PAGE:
I recently took both of my cats to the vet for the first time in years.I have always made excuses for avoiding these trips. I’ll tell myself that they don’t need vaccines because they live inside, for example, or that surely I would know if they were ill, because I’m with them every day, right?
But cats are excellent at hiding pain and discomfort, meaning that if they were ill, I probably wouldn’t know anything was wrong until the problem was so severe they could no longer hide it. If I can help it, I don’t want my cats to live with pain, because I love them dearly. That’s why, over the last two weeks, I have finagled each of them into the dreaded kitty carrier and hauled them to the kitty torture chamber — I mean, the vet! — to be stabbed and intimidated — I mean, examined!
But I’m inexperienced at going to the vet, so I kind of did it wrong. Here are five things I will do differently next time.
If you’re anything like me, going to the vet means rushing home from an eight-hour day and snatching up your hungry, cranky senior kitty to barely make the last appointment of the day. Compounding this already difficult situation: You probably haven’t eaten since lunch.
I’d forgotten how intensely stressful going to the vet can be for both cat and human. I let my hunger and exhaustion get the best of me and caved in to the pathetic wailing of Bubba Lee Kinsey, my 11-year-old gray tabby, many times during our adventure. There’s also the fact that his crying totally made me cry, necessitating the use of my sleeve as a tissue — but we won’t go into that.
Tip: Taking your cat to the vet is not something you want to do on an empty stomach. It’s already hard enough on your cat, so you need to bring your cat-parenting A-game and check your irrational emotions at the door. This is easier to do if you aren’t thinking about snatching an extra post-exam cat treat to assuage your own growling stomach.
I have soft-sided kitty carriers with long straps that enable me to hang them from my shoulder, kind of like those large handbags famous people use to carry tiny ridiculous dogs. I thought these carriers were super slick, as they made taking kitty from point A to B quite convenient.
Unfortunately, my carrier was not the best choice for the vet’s office. As my vet informed me, when in an unfamiliar situation, cats crave a safe place — in this case, the carrier. Hard-sided carriers are best, she said — like the old-school kind that are no longer in vogue. That way the vet can lift the top off and do the majority of the exam in the carrier, allowing the cat to stay in his cave surrounded by familiar smells. My carrier zipped closed down the front, leaving me no choice but to let Bubba out — and let chaos in.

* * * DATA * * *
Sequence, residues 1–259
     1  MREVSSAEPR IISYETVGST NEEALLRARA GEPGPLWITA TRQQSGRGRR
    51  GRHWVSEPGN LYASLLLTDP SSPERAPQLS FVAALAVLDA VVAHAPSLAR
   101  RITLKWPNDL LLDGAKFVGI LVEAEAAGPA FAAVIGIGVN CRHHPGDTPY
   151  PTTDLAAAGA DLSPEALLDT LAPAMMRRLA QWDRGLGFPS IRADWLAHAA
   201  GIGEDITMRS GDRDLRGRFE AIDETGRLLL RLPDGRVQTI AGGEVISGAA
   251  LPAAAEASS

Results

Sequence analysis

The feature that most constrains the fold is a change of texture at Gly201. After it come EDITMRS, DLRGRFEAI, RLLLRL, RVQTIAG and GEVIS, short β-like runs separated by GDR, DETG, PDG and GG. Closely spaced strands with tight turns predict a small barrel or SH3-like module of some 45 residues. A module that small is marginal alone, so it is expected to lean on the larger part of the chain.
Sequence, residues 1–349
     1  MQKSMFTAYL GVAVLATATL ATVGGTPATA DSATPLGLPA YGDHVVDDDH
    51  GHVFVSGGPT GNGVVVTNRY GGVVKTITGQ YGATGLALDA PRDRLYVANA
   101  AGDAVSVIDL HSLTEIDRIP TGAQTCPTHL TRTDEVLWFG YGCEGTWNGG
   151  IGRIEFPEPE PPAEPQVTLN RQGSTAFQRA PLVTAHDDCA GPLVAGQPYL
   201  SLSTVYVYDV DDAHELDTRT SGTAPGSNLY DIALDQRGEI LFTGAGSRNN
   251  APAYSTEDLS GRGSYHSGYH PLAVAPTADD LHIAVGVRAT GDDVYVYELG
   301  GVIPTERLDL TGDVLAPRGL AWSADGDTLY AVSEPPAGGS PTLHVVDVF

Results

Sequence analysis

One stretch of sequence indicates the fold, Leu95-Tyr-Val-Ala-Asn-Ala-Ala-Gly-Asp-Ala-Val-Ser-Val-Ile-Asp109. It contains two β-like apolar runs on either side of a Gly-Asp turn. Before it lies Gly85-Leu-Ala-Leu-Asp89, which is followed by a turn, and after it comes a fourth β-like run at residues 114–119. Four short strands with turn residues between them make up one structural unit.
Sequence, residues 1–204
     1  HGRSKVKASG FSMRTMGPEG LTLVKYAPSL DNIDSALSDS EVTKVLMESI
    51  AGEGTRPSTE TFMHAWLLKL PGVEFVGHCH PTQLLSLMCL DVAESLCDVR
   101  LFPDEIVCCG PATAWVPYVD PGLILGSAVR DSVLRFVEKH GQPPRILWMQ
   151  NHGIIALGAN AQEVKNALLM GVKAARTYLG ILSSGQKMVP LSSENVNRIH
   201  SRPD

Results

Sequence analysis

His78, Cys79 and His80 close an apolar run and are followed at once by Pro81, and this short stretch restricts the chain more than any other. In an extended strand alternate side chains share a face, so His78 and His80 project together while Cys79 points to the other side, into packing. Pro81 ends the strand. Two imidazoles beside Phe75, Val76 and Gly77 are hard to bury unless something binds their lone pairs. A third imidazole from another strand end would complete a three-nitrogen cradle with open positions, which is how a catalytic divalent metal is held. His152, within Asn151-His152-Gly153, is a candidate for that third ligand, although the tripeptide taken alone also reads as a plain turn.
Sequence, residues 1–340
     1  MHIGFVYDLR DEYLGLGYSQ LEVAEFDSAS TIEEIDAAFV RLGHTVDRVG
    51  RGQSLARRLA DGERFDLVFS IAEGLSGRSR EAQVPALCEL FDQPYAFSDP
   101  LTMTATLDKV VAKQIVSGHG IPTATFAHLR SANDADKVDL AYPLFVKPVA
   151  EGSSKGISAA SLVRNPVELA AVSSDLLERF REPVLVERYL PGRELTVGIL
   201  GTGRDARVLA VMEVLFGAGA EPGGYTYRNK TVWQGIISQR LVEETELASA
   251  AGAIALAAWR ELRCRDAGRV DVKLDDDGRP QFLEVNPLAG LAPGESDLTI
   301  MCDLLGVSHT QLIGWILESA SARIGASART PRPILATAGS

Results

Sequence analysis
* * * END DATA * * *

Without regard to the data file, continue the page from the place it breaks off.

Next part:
I’m going to blame this lapse in judgment on hunger. I know Bubba has trouble jumping — I even keep a stepstool beside the bed to make it easier for him to climb up at night. But when the vet tech came in to take Bubba’s history, I wanted to demonstrate that my senior kitty is shiny and majestic, like an 80-year-old man who can still carry a recliner up two flights of stairs by himself. At this point I’d already let him out of the carrier to stop his crying, and he was sniffing his way around the exam table.
“He’s a handsome guy,” the vet tech said. He sounded like he really meant it.
“I know,” I said, swelling with pride that someone who looked at cats for a living was taking an interest in my silver-gray boy.
I was so pleased, in fact, that when Bubba prepared to jump off the table, I just let it happen. I figured he was about to seal his reputation as the most stunning senior specimen the vet tech had ever seen. Instead he stumbled, the impact stinging his left leg.
“Oh, Bubba Lee,” the vet tech said, noticing his difficulty.
The guilt — it burned like soda pop in my nose. And cats are excellent at hiding their pain, so I didn’t notice until we got home that my stunning silver senior was limping.
Bubba must have smelled hundreds of cats in that exam room, and he hated all of them. By the time the vet came in to examine him, his barely contained rage had reached critical mass. He let me lift him back onto the exam table, but when the vet tried to greet him, he lunged, hissing and growling. He wanted her dead. I have never seen him that angry — and this is a cat with behavioral problems.
The vet fitted him with a special kind of kitty muzzle that made him look like the star of an S&M flick. This bought her enough time to check his vitals and plop him on the scale, at which point she informed me he was too fat.
The vet was absolutely great with Bubba, and he is now vaccinated for rabies. But I’m sure that the stress of the whole endeavor — for Bubba, the vet, and me — could have been greatly reduced if he hadn’t taken that anxiety-inducing stroll around the room.
The vet and vet tech are skilled at handling anxious and/or aggressive cats — they do it every day. That’s why I should have left Bubba Lee Kinsey in his carrier until they took him out. Next time, I will do it that way. I think it will be better for all living things involved.
Have you ever had a crazy experience at the vet? Tell us about it in the comments!
For more adventures (and misadventures) about taking cats to the vet, check these out:
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